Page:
Just days after the reelection of Taiwan’s President Ma Ying-jeou, Washington is stepping up pressure on the administration to back down on its ban on ractopamine, a leanness- and growth-promoting drug used widely in pork and beef production in the United States. Taiwan’s zero tolerance policy for the drug, which applies to both domestic production and imports, has become a critical barrier to further liberalizing trade between the two countries.

The ractopamine dispute is front page news in Taiwan. The country’s newly sworn in cabinet will discuss the contentious dispute at its first meeting later this week and President Ma has already publicly discussed the issue, according to local media reports.

“We have always maintained the same position as U.S. officials — that Taiwanese have concerns about U.S. beef imports and the use of ractopamine,” said Ma, at a recent press conference.

The opposition party has been especially outspoken against lifting the ban on ractopamine.

“No meat products, whether beef, lamb, pork or chicken, should be allowed into Taiwan if it contains leanness enhancers,” said one lawmaker, according to Focus Taiwan

Taiwan, which is the sixth largest export market for beef and pork, began testing U.S. beef for ractopamine in January 2011 and within days found trace levels of the drug. U.S. food safety officials said the levels found ranged from 2.4 to 4.07 parts per billion (ppb), which falls below both the U.S. Food and Drug Administration standard, of 30 ppb, and the proposed international standard of 10 ppb, but Taiwanese officials pulled the meat from the shelves of grocery stores, including Costco, citing consumer concerns.

In early June, Taiwan rejected nearly 100 tons of frozen U.S. beef after it tested positive for ractopamine at 1.5 ppb. Ten days later, Burger King Taiwan temporarily suspended sales of products containing bacon after the Taiwan Department of Health found U.S.-imported pork products to contain ractopamine and seized the pork before hitting grocery store shelves. Public health officials said they found 3 ppb in fully cooked bacon products. Burger King declined to comment on the matter.  

The issue has strained the U.S.-Taiwan trade relationship. Taiwan’s policy on ractopamine is often cited as a primary reason the two countries have tabled bilateral Trade and Investment Framework Agreement talks. U.S. officials maintain that Taiwan’s policy is not science-based.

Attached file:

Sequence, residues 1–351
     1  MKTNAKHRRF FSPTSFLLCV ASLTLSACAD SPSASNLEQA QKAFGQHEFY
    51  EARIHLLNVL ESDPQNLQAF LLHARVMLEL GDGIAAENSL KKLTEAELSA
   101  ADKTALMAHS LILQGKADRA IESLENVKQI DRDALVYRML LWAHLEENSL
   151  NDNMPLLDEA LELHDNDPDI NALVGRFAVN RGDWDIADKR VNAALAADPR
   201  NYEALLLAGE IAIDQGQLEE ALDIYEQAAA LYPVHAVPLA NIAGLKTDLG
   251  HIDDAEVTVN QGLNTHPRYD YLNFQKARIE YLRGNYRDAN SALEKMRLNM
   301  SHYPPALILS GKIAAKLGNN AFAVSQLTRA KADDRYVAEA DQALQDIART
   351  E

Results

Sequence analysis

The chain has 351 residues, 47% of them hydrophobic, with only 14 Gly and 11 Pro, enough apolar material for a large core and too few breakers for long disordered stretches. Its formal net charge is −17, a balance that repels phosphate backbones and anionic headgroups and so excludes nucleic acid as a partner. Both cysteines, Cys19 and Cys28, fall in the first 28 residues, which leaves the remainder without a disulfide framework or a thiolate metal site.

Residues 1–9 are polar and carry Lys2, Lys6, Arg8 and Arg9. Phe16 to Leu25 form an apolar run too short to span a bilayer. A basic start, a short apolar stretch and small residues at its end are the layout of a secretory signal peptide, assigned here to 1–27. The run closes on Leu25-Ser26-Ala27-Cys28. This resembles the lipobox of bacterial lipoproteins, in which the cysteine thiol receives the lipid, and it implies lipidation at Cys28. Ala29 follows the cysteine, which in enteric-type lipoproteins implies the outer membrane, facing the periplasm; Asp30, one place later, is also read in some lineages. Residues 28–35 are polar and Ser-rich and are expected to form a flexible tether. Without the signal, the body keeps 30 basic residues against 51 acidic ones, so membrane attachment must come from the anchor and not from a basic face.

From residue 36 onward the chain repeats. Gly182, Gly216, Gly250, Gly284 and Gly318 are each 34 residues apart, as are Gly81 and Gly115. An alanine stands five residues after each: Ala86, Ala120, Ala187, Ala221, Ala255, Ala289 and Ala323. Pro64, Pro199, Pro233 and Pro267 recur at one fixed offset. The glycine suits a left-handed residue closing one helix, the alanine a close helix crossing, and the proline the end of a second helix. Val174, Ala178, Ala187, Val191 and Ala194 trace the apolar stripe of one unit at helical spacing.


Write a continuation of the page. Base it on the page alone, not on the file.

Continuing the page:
With renewed pressure from Washington to lift the ban, consumers and farmers are threatening protest, according to Focus Taiwan. 

Ractopamine, a drug made by Elanco, a division of Eli Lilly, was first approved by the FDA for pork production 1999, it has since been approved in 25 other countries. The drug has sparked long-running trade conflicts beyond the U.S.-Taiwan hangup.

A recent msnbc.com report, produced by the Food and Environment Reporting Network, described the deadlock between China, the European Union and the United States at the Codex Alimentarius Commission, which sets global food safety standards.

“The EU and China, which together produce and consume about 70 percent of the world’s pork, have blocked the repeated efforts of U.S. trade officials to get a residue limit European scientists sharply questioned the science backing the drug’s safety, and Chinese officials were concerned about higher residues in organ meats, which are consumed in China.”

High level controversy at Codex is rare. Though the commission adopts dozens of standards each year by consensus, Codex has been stalled on a residue standard for ractopamine since 2008. 

“U.S. trade officials say China wants to limit competition from U.S. companies, and the EU does not want to risk a public outcry by importing meat raised with growth-promoting drugs, which are illegal there,” added the report.

“Setting a Codex standard for ractopamine would strengthen Washington’s

ability to challenge other countries’ meat import bans at the World

Trade Organization.”
While ractopamine use remains controversial abroad, there is little awareness in the United States, even though there have been issues with the drug.   

“Although few Americans outside of the livestock industry have ever heard

of ractopamine, the feed additive is controversial. Fed to an estimated 60 to 80 percent of pigs in the United States, it has resulted in more reports of sickened or dead pigs than any other livestock drug on the market, an investigation of Food and Drug Administration records shows.”

The full Food and Environment Reporting Network story, which was also been picked up by Taiwan media, can be found here.

Note: This article was updated to reflect a Feb. 22 clarification issued by msnbc.com that made clear that the adverse drug effects for ractopamine were reported to the FDA. The story adds that the FDA says such data do not establish that the drug caused these effects.